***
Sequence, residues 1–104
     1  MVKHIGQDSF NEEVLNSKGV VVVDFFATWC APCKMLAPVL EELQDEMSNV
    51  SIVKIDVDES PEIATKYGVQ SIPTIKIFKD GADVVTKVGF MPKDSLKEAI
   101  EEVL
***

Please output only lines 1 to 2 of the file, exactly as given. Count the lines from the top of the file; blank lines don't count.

Sequence, residues 1–104
     1  MVKHIGQDSF NEEVLNSKGV VVVDFFATWC APCKMLAPVL EELQDEMSNV